LisaBrandNew posted 2/6/2011 10:11 AM

Faith - you were treated terribly. It must have been a very lonely life. Your WH was very blatantly cruel and selfish. My STBXWH was more subtle. I think more insidious and crazy making in some ways. You can look back and say WTF to clear examples of abuse. I always doubted myself, felt guilty. He is a master of looking like a good guy, but the negativity, detachment, resistance, resentment, etc. etc. seethed below the surface always. In a one minute span of time, he could be appearing to be loving or helpful and yet be obstructing, distant, or bitter. In the end, it was worse - the negativity and circular arguments about nothing. Constantly resisting everything - God, writing back and forth with you continues my epiphany. No way I could ever return to such a soul sucking situation. I am sorry he was abused, but so was I. I can't let my pity for his childhood pain (or my love for my children) make me weak. He can not come back. I hope you will do the same if he tries to return - because they often do. You have a chance to be free and heal. Since my crying and screaming (and letting go) episode, my sense of humor seems to be returning. I can see the light at the end of the tunnel - it is still somewhat in the distance, but I can definitely see it now and it gets brighter with every step forward.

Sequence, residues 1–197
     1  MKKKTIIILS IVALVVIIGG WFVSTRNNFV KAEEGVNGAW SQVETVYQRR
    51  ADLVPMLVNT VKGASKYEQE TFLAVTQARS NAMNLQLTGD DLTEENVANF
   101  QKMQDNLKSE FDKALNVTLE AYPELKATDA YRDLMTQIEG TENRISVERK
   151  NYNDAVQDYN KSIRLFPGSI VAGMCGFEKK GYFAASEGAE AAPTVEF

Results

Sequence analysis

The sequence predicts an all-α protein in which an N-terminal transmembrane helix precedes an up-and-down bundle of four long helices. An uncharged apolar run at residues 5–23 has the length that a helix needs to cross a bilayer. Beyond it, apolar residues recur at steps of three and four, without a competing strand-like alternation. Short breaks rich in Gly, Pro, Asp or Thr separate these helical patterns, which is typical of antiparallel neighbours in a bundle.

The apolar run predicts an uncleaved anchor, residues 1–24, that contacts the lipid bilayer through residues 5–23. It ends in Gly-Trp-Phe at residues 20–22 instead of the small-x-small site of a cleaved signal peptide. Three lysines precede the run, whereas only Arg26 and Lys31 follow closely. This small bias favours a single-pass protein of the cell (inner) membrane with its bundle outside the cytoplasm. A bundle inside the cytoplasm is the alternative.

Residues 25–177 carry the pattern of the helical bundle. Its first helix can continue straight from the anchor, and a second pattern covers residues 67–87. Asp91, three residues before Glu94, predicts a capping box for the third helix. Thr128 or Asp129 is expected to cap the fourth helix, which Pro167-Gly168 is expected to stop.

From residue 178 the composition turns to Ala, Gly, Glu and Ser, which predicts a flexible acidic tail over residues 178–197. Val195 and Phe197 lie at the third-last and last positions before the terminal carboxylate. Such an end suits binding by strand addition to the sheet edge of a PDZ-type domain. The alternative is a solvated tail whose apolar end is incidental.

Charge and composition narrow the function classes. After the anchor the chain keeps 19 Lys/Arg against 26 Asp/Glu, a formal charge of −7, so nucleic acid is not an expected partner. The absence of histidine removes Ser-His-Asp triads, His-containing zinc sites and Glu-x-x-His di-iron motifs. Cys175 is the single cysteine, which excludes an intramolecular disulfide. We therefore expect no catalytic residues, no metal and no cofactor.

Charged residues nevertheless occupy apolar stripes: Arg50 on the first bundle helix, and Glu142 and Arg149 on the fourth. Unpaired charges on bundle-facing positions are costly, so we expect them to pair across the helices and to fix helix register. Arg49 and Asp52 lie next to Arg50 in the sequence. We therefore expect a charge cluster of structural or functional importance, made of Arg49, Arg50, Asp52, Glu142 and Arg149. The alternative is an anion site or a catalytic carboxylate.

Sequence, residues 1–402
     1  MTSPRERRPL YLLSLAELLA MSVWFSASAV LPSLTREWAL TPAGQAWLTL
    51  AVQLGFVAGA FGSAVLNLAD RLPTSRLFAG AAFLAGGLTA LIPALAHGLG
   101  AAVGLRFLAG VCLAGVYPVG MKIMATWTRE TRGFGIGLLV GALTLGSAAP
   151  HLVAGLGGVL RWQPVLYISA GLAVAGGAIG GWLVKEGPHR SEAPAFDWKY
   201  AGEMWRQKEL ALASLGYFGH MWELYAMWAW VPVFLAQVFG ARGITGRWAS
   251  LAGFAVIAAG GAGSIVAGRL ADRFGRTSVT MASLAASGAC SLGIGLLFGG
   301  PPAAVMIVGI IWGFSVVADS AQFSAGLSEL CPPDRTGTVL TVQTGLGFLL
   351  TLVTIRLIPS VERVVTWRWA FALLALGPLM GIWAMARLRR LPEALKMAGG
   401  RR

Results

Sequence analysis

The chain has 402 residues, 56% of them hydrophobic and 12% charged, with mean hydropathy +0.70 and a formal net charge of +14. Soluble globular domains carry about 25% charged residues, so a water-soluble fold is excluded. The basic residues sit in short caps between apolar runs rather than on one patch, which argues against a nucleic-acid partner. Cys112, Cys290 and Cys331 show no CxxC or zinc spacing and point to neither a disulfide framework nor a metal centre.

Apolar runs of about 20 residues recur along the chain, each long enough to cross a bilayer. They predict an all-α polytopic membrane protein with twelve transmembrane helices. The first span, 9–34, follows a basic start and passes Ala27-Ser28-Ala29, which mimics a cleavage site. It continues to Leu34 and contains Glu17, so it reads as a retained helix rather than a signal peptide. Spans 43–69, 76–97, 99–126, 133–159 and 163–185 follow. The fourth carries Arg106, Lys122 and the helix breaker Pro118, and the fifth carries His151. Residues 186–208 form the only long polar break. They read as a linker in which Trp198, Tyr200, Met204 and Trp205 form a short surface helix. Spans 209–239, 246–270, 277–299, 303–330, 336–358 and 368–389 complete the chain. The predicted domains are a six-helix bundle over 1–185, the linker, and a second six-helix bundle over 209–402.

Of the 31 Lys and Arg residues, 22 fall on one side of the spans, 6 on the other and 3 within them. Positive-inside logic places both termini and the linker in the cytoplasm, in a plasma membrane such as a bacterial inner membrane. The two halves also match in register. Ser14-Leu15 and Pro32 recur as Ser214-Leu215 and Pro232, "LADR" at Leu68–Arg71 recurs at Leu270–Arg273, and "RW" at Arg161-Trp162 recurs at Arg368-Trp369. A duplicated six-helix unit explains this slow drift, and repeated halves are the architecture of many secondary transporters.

Faith2011 posted 2/6/2011 20:18 PM

Dear Lisa

You are strong and yes, most often the PA will try to return. I'm aware of that and prepared. Once he is out of the house (counting down the days!) there will be total NC.

Apparently some PA's can change but it takes years of counselling and, and this is what puts me off, huge amounts of effort from the PA's spouse to learn how to communicate with the PA because they don't 'think'
like a rational logic person.

Forget that! I don't have the time or the energy to deal with WH's PA issues and try to heal from the A at the same time.

I'm over having to make all the decisions then have him complain. I'm over him and his blaming his boss/work for his inability to stick to a job. I'm over him sulking and giving me the silent treatment. I'm over him resisting, being obstructive, withdrawing, listening to his lame excuses designed to make me feel bad when it was all about him.

We both have a bright future ahead of us. We now know the red flags that indicate a PA. And I ain't going down that road again! I'd rather be alone and happy.

LisaBrandNew posted 2/7/2011 07:50 AM

Faith - You are right- Forget that! Dealing with the PA and trying to heal from the affair. These guys are too much work - and that's what it would be. WORK for us. I have to say that SI and strong, intelligent people like you have saved me during this time. I always feel better after time here. A little addictive though. We are going to happier than ever.

sadandtrying posted 2/10/2011 16:41 PM

Lisa and Faith, you two are will move on and feel the relief and peace you deserve. I think those of us married to PA people, try SO hard for SO long...

....but the negativity, detachment, resistance, resentment, etc. etc. seethed below the surface always.

I KNOW the subtle ways my H exhibits his PA behaviors, but he doesn't realize it in himself at all, not to mention how masterful he has become in his behavior.
It truly can be crazy-making.